by Jovanna Acevedo Quesada
I was pulling my hair out with my newborn and toddler, who has decided that naps are just not for her anymore. My mother suggested I teach my older child how to have a "Quiet Hour." I tried very hard not to snort.
Mom might as well have been speaking gibberish. I couldn't find a board book much less set up a system to help a curious, active toddler entertain herself. But I was desperate so I gave it a try. Within a few weeks, "quiet time" had become my oasis and a time my child looked forward to.
Getting Started with Quiet Time
These steps can help your explosive tiny bundle of energy get into the "quiet time" habit. I guess Mom had some good ideas after all.
- Start slow. Few toddlers can do anything or sit still for an hour. In the beginning, aim for 10 minutes and gradually work your way up to longer time periods.
- Set rules. Keep the guidelines simple. Is your rule, "during quiet time we are quiet?" Then ban running, shrieking, singing loudy or pounding during the quiet hour.
- Be consistent. Let "same time, same place" be your motto. Choose a time when you need a generally need a break and an area that your child associates with fun.
- Set up supplies. Interesting age-appropriate activities encourage independent play. Stickers, little toys, audio books or puzzles might keep your child busy. Reserve the items for quiet time only and rotate often.
- Coach. Some kids find play out of mom's sight difficult. Set up your quiet time station near your favorite lounging station. Call "Quiet Time," set up an activity and redirect as necessary.
- Go for the goal. Use a timer or play music. Gradually increase the time as your child gets used to playing alone.
- Smile. Do your best to keep positive. If your child simply won't play this game and you're desperate for a break, work together with your partner and schedule some time out of the house .
- Resort to Bribery. Make plans to go to the park, play a game or make dinner together after mommy has her quiet time.
Quiet Time Activities
Here's our all-time favorite activities. Once you set them into motion, you might even be able to grab a few precious minutes of "mom time" during "quiet time."
Spoon a few tablespoons of cooled pudding on a high chair tray or a plastic tablecloth. Seat your child and turn them loose to splash, "draw" pictures or sample a few bites. Quietly.
Make a Collage
Tear paper into tiny pieces or allow your child to tear it. Then spread glue on a paper and encourage the budding artist to stick those bit in a colorful pattern. If they get worked up with the tearing part, just keep reminding the wee one it's "quiet time."
Sticky, Icky, Gooey
You've watched your toddler try to remove specks of lint from stick fingers, fascinated when the lint stuck to the other hand. Create a controlled gooey situation! Place a drip of honey or syrup on the high chair. Place a couple feathers in it.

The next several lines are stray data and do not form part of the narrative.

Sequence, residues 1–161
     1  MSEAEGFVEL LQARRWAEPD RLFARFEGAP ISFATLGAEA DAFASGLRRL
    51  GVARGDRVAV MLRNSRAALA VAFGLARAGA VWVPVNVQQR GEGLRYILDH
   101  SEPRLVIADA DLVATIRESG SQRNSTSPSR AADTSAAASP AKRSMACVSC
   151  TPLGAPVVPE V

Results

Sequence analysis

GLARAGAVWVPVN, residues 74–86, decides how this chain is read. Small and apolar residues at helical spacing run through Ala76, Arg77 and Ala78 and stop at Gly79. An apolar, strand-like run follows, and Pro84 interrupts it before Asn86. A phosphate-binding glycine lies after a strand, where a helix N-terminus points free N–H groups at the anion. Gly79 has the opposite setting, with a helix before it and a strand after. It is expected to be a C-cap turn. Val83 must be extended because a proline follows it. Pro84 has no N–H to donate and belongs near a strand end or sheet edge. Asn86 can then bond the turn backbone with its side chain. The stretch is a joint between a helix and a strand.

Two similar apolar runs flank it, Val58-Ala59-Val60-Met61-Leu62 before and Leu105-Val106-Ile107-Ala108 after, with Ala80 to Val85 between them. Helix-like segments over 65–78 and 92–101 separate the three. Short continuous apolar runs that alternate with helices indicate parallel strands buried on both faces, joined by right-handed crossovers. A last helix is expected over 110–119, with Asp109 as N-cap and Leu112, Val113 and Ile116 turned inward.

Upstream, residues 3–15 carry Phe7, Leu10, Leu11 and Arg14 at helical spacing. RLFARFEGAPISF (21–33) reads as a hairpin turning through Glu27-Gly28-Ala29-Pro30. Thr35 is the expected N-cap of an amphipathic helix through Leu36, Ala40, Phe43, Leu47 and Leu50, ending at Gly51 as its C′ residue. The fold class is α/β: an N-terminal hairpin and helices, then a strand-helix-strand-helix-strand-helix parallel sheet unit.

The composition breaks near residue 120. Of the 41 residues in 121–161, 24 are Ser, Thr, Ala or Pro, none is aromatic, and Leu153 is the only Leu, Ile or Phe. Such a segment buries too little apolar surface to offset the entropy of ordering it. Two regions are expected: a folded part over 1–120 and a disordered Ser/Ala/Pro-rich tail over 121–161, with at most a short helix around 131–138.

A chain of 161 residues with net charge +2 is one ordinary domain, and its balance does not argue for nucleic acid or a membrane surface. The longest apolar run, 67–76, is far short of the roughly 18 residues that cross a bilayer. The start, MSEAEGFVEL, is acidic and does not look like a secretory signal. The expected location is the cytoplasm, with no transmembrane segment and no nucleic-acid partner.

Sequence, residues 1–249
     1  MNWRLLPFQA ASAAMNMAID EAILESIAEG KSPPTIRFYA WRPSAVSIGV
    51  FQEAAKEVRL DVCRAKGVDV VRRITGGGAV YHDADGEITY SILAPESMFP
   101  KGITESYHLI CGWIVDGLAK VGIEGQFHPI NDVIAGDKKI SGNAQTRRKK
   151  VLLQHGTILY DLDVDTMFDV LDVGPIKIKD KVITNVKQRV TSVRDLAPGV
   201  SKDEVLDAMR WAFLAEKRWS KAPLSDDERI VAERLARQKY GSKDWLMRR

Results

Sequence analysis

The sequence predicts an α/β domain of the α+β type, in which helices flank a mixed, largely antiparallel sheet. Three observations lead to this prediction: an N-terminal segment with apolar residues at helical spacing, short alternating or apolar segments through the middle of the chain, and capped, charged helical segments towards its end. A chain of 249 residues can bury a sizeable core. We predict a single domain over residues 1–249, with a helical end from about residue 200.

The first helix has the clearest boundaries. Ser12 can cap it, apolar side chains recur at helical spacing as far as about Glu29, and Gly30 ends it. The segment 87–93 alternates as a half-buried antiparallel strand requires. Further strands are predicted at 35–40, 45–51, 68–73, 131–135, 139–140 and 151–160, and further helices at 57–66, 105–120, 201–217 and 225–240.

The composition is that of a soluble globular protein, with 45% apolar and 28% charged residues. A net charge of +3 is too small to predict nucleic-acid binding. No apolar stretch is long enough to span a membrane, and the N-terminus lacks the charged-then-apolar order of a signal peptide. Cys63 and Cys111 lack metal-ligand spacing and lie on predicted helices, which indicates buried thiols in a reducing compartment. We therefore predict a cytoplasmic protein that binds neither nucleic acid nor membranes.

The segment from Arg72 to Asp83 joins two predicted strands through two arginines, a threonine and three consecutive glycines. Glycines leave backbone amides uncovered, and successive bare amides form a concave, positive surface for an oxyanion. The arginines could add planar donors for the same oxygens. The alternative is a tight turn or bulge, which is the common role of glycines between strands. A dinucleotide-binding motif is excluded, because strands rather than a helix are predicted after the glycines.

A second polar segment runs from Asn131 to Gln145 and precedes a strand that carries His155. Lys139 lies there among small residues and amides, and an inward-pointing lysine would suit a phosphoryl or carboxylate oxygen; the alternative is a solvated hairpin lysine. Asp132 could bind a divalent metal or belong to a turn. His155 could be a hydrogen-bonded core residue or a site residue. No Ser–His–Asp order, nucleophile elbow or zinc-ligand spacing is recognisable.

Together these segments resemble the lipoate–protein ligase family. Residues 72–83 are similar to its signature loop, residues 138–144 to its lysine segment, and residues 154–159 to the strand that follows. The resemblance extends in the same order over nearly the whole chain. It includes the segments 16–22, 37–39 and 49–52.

Contact Paper Projects
Cut contact paper into a two leaf, animal, heart or other simple shape. Secure one sticky side up to the high chair tray. Offer snips of ribbon or paper and other shiny but toddler-safe decó. Once the shape is decorated, use the other piece of the shape to enclose the bling. Hang and enjoy!
Busy Bin Ideas
Take quiet time one step further. Make up a different shoebox-sized bins with supplies. Change the contents around regularly so your child doesn't get bored.
Felt Board Fun
Wrap a sturdy piece of cardboard or posterboard with flannel. Secure the flannel on the back with duct tape. Then cut scraps of felt into shapes. Does your toddler have favorite characters? Cut pictures from a magazine, glue to sturdy paper and attach a few small squares of sandpaper to the back.
Lace Up Cards
Start with a colorful shoelace and a square of needlepoint canvas. Draw a simple shape in permanent marker on the canvas. Knot the shoe lace at the start point. Or you can buy a set of lacing cards. Show how pushing the lace back and forth along the line makes a picture.
Choose two or three board books and a busy book with zippers, buttons, pockets and snaps.
Print up or purchase a set of easy templates for pattern blocks. Store the blocks in a container with an easy to remove lid (cut a slot in the lid for even more fun). Your child can try to make pictures from templates, free-form creations or play dump the pattern blocks. Filling and dumping a container over and over has been known to keep a tot occupied for minutes.
We didn't forget this most important "quiet time" activity. Cuddle up together and read a good book. Who knows, maybe one or more of you will doze off.
Have you found a trick or activity that keeps your toddler busy?
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